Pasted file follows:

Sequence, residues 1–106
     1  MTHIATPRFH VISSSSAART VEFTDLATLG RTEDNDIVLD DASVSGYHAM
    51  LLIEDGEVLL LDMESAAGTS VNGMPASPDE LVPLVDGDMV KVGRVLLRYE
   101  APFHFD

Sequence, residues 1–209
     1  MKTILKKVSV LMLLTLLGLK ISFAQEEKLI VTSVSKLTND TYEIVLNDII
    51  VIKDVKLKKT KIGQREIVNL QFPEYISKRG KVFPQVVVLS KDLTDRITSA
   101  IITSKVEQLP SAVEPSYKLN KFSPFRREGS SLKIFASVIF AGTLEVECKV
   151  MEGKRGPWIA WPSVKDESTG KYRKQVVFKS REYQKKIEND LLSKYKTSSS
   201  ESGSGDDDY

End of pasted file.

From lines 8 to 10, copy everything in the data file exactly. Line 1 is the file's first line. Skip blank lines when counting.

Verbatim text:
   101  IITSKVEQLP SAVEPSYKLN KFSPFRREGS SLKIFASVIF AGTLEVECKV
   151  MEGKRGPWIA WPSVKDESTG KYRKQVVFKS REYQKKIEND LLSKYKTSSS
   201  ESGSGDDDY